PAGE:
Last night, Cloudflare and Google's Project Zero published details of a security incident affecting websites and apps that use Cloudflare, nicknamed “Cloudbleed.” The bug can lead to the compromise of sensitive data from websites and APIs that use Cloudflare. There is no risk to the vast majority of Monzo customers. However, we strongly believe in being transparent with our community, so we're publishing a full report about the incident's effect on our service.
Cloudflare sits between many web services and their users to optimise content loading speeds and mitigate attacks. Because Cloudflare is very widely used – by some estimates they see as much as 10% of all internet traffic – the problem deserves immediate attention by the internet community to safeguard users.
The Monzo apps for iOS and Android are not affected by the vulnerability because they use APIs which are not behind Cloudflare. Our two websites, monzo.com and monzo.me, as well as our beta API for external developers do use Cloudflare so we wanted to be fully transparent with the steps we're taking as a result of this bug. Overall, we believe the risk to any of our customers to be extremely low but we're taking steps to minimise that risk even further, detailed below.
We are publishing our technical internal incident report below for those interested. If you have any questions or concerns, please don't hesitate to reach out! You can reach our security team directly at firstname.lastname@example.org.
A bug in a module used by Cloudflare's edge proxies meant that approximately 1 in every 3.3 million requests resulted in memory leaking from the edge proxy. The contents of this memory might include sensitive information from any site which uses Cloudflare.
Internal APIs for Monzo apps
Our apps (for Android and iOS) use APIs which do not go via Cloudflare. As such, there is no risk to customers or their information from use of our apps.
Our websites (monzo.com, monzo.me) sit behind Cloudflare with all traffic to those domains being proxied through them.
Monzo.com does not process any sensitive information and thus there is no risk to personal information.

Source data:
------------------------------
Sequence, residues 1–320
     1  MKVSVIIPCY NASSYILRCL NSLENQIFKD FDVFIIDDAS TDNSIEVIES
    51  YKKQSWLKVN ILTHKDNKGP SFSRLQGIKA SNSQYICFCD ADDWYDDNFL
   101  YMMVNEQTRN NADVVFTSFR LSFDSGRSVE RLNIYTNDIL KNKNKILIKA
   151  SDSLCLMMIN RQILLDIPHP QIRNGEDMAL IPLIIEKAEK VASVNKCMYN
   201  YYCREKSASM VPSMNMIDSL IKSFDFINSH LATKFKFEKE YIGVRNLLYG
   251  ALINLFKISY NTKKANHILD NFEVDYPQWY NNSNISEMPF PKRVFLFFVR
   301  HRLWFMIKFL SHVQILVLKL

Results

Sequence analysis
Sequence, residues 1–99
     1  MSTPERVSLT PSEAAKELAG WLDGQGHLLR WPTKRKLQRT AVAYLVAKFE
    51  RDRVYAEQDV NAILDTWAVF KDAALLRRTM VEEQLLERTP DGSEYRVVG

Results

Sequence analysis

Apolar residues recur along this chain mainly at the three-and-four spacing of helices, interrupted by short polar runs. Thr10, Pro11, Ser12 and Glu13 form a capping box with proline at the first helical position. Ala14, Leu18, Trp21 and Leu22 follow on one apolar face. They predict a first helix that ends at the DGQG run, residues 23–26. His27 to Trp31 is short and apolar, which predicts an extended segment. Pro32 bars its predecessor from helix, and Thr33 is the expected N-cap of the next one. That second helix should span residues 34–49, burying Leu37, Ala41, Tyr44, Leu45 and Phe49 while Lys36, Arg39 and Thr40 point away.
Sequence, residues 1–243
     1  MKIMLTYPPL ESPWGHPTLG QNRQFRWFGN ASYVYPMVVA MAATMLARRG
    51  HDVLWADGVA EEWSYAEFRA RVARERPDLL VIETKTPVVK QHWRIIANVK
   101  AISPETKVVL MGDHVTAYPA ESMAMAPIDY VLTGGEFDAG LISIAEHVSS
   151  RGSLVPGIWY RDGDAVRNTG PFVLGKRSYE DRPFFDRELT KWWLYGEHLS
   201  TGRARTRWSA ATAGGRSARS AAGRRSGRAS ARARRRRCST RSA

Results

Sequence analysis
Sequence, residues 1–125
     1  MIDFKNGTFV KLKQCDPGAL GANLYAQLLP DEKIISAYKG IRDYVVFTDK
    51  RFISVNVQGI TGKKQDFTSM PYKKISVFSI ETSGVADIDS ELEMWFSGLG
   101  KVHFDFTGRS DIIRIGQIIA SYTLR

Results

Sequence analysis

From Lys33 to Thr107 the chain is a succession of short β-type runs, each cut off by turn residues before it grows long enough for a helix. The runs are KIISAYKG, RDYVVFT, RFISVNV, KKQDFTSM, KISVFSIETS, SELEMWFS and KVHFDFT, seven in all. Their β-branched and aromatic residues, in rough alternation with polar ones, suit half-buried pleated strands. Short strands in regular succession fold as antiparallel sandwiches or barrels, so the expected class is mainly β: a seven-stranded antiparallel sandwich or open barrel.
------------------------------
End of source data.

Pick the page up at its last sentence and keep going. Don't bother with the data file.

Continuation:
Monzo.me does process sensitive information (name and email) but uses an internal API that is not behind Cloudflare. Payment information entered into Monzo.me is sent directly to our payment provider Stripe, who are not affected by this vulnerability. Therefore there is also no risk to personal information.
Our developer API does sit behind Cloudflare with all of its traffic proxied through their service. That means that apps that developers have built using this API to connect to Monzo have potentially leaked sensitive information. Data sent to and from our developer API may contain the following information:
Access tokens – used by API developers to identify both their apps and users who have authenticated to their apps. These tokens are only valid for a very limited period of time
Client secrets – used to identify an API client (not an individual user) when requesting an access token
Customers' personally identifiable information
We believe the risk to customer data from use of the developer API to be very low for the following reasons:
Only clients of the developer API are affected.
We do not yet allow apps built using our beta developer API to be made publicly available, so usage is very low – specifically, only developers themselves and a limited number of users they explicitly whitelist can use the API.
If any access tokens were leaked, they are only valid for up to 2 days.
If a refresh token was leaked there is a high chance that it will be used within 2 days. A refresh token may only be used once – after it has been used, a new one is generated and the old one becomes invalid.
Despite the low risk, we have taken several additional steps to further mitigate the risk:
As of 11:16 this morning, we revoked all existing access and refresh tokens for clients that used the developer API. This will affect a very small number of applications and will require their users to log in again.
We have also taken steps to identify which third-party services we use and believe may have been affected to mitigate any risks. For every third party provider we use, we have checked whether they use Cloudflare, and if they do, we have rotated our credentials for these services so the old ones are no longer valid. This list includes Mailgun, Crowdcube, JudoPay, and Pingdom.